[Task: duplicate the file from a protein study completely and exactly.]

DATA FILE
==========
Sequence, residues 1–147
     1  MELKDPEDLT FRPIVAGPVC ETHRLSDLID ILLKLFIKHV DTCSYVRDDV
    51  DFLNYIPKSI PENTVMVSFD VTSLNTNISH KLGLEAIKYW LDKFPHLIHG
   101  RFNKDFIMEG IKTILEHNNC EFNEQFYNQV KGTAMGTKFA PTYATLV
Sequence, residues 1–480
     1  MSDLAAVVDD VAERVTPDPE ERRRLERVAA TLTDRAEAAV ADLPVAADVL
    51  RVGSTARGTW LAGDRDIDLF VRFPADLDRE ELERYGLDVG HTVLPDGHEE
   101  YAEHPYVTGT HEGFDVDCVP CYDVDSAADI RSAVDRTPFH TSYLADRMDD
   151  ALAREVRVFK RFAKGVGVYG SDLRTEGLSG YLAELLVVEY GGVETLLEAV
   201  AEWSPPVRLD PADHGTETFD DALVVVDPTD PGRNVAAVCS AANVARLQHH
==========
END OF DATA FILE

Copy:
Sequence, residues 1–147
     1  MELKDPEDLT FRPIVAGPVC ETHRLSDLID ILLKLFIKHV DTCSYVRDDV
    51  DFLNYIPKSI PENTVMVSFD VTSLNTNISH KLGLEAIKYW LDKFPHLIHG
   101  RFNKDFIMEG IKTILEHNNC EFNEQFYNQV KGTAMGTKFA PTYATLV
Sequence, residues 1–480
     1  MSDLAAVVDD VAERVTPDPE ERRRLERVAA TLTDRAEAAV ADLPVAADVL
    51  RVGSTARGTW LAGDRDIDLF VRFPADLDRE ELERYGLDVG HTVLPDGHEE
   101  YAEHPYVTGT HEGFDVDCVP CYDVDSAADI RSAVDRTPFH TSYLADRMDD
   151  ALAREVRVFK RFAKGVGVYG SDLRTEGLSG YLAELLVVEY GGVETLLEAV
   201  AEWSPPVRLD PADHGTETFD DALVVVDPTD PGRNVAAVCS AANVARLQHH